Storage spaces

This week I attended the launch of a CREATe report named ‘A review of the causes and impacts of unlawful file sharing’ (not yet available online). The report itself offers a fascinating insight into the research conducted on the effects of file-sharing, and it represents an important addition to the literature. However, the report is not what prompted this article, but rather some of the questions and comments asked after the presentation.

There is a sub-species of copyright industry representatives that go to these events with the sole purpose of asking questions and making comments. This would be fine if it wasn’t for the type of questions asked, which are laughably misinformed at best, and wilfully misleading at worst. There was the obligatory dig at academics by hinting that nothing we do has relevance in the real world, or that we are not creators in any sense of the word. A music representative even repeated the threat that unless music pirating stops, the supply of music will dry-up. Yes, the industry still believes that creators are only motivated by money, and everyone will stop making music overnight. There was an economist for the industry who made some spectacular assumptions about trends by stating that music sales are down, so all media sales will go down as well.

But the most interesting question came from a representative of the British TV and movie industry. He claimed that DVD sales had been an important part of the copyright economy, and a good source of income for the industry, which is true. Then he said that this was caused by the fact that it was very difficult to pirate DVDs, and that the only source of such content was dodgy Chinese knock-offs. This is a remarkably false claim, as DVD ripping has been extremely easy for more than a decade. He then went on to claim that DVD sales were down, and blamed piracy for the sudden drop. This seemed to me to be something that can be tested specifically in two parts. Have DVD sales gone down? And if so, what is the real cause?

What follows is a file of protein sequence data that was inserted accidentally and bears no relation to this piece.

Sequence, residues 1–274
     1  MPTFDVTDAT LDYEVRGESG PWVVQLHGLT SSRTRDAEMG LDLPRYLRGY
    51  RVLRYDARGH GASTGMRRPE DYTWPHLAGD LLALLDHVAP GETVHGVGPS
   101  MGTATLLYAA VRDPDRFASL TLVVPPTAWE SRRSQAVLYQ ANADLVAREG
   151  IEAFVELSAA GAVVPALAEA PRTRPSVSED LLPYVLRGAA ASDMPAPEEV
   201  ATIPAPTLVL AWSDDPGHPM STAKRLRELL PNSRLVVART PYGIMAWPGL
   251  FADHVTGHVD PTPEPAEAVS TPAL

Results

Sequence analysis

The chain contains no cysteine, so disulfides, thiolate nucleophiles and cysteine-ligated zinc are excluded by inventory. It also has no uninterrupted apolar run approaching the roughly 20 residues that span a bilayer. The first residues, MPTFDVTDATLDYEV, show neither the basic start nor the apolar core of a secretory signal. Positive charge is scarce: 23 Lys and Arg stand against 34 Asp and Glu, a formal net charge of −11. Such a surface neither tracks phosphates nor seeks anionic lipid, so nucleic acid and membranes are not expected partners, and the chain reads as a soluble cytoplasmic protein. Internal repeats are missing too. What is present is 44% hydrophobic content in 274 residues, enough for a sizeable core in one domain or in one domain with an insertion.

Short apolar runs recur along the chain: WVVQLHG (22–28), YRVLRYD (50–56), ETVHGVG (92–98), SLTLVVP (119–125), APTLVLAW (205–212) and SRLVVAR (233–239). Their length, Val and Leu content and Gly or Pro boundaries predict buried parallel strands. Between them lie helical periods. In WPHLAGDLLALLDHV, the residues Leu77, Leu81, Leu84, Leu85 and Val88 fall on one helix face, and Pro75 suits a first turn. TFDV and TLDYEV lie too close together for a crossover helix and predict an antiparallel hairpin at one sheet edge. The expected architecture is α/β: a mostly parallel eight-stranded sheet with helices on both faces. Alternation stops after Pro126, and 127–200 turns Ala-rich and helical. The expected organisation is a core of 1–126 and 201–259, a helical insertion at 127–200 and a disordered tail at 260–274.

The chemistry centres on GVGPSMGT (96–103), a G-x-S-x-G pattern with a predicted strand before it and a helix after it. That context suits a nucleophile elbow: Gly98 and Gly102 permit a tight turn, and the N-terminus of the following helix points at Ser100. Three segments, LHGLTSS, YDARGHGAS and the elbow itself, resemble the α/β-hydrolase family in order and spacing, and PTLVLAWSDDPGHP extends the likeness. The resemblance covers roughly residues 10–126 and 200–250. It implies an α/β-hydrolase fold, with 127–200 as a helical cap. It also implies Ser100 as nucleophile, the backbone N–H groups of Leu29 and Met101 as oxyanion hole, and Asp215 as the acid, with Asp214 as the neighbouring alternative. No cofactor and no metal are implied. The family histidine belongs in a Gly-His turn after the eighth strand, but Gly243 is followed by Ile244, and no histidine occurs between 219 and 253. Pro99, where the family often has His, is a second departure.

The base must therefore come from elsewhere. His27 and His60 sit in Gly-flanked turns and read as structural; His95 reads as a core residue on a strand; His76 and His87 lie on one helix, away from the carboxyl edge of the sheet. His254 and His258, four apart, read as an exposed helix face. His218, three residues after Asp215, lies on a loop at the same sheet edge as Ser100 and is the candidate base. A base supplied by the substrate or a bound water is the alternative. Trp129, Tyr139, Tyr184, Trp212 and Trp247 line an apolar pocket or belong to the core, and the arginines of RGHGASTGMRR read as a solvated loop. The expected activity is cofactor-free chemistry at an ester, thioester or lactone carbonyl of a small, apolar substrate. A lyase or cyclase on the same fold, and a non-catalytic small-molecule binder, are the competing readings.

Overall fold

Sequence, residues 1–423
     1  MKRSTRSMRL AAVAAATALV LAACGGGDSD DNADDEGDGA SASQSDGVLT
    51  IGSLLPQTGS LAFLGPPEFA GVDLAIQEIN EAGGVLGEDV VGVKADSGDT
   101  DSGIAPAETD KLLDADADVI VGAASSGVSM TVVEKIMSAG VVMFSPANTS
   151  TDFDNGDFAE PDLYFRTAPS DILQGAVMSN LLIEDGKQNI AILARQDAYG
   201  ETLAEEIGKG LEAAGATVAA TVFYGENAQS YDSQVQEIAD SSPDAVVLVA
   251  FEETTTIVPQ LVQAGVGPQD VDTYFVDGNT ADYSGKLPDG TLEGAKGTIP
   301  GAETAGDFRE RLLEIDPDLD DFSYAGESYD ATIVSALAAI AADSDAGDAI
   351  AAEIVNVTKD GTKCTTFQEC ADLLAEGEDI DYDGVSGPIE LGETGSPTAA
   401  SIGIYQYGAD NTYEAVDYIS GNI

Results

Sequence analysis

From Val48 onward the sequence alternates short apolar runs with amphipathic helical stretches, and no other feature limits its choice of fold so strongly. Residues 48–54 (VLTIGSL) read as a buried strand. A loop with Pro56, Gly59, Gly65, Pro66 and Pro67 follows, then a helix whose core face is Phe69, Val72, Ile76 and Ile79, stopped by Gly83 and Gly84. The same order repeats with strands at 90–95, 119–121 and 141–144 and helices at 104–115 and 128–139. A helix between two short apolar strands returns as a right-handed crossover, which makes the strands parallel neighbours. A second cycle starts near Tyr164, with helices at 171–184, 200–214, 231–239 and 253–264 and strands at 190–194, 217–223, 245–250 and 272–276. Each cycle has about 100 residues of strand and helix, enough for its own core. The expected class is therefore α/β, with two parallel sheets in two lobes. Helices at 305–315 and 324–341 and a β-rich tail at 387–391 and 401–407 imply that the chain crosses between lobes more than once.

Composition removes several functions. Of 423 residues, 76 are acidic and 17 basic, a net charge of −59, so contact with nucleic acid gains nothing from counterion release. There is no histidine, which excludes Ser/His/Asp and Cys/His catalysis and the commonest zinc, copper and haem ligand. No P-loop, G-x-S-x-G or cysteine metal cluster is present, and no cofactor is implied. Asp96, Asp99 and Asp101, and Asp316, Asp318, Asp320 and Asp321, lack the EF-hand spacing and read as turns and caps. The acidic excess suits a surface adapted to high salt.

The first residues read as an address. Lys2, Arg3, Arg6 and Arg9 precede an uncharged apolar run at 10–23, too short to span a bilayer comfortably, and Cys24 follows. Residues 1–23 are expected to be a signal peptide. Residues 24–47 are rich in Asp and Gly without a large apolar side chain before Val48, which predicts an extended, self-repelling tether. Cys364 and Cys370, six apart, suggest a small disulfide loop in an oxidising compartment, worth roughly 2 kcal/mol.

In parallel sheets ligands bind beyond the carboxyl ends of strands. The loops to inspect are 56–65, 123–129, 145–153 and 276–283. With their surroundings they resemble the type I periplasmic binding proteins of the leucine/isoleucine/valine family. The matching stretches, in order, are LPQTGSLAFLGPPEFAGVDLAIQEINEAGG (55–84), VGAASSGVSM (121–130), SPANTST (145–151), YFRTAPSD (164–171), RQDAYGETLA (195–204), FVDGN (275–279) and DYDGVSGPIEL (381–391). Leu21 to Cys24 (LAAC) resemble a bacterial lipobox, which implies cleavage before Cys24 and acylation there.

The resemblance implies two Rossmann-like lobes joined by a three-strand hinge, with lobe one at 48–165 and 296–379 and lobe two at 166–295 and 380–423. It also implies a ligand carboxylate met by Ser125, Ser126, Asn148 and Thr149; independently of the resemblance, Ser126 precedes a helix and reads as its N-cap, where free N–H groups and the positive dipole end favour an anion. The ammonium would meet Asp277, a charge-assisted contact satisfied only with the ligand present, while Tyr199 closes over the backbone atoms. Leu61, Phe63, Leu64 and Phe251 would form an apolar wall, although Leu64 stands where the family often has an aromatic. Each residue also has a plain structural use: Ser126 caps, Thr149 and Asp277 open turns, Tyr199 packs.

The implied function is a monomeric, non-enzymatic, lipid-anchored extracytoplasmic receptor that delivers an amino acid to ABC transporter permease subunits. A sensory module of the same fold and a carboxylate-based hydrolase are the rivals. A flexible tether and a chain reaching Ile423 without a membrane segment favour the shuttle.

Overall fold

The answer to the first question is a resounding yes. DVD (and Blu-ray) sales have been going down for some years now. DVD sales peaked at around 2008, and since then there has been a steady decline in sales every year. So, what is the cause for such a drop? The initial culprit was to be found in other entertainment sectors, particularly the games industry, which has been growing steadily while other types of entertainment have stalled or declined.


The other main culprit of the decline in DVD sales is of course streaming. I am part of a generation who is still attached to the idea of owning physical copies of things, but this is a dying trend. As people move to digital ownership, the concept of attaching importance to pieces of plastic is becoming quaint, as these items occupy valuable shelf space in smaller homes. We are watching more content in smaller devices that do not have any sort of optical media connection, so streaming and digital copies become the logical and viable solutions for those interested in storing space. Just look at what has happened with Netflix’s stock in recent years, and you will begin to see where the money in entertainment is going (source):


The future is digital. That is where the sales are going. Continuously blaming piracy will no longer work.




Rob Jewitt (@rob_jewitt) · May 15, 2014 at 8:46 am

Great article, Andres. I’ve been making a similar argument in one of my undergrad courses for a few years (borrowed from an idea I think I stole from Chris Rojek?), so I’m in total agreement with your analysis.

My question is this: where did you get the figures for the first chart showing total expenditure across media platforms? I may want to cite it in a class next term.


    Andres · May 15, 2014 at 9:57 am

    Hi Rob,

    I got the figures from the Economist article linked in the paragraph before the graphic.

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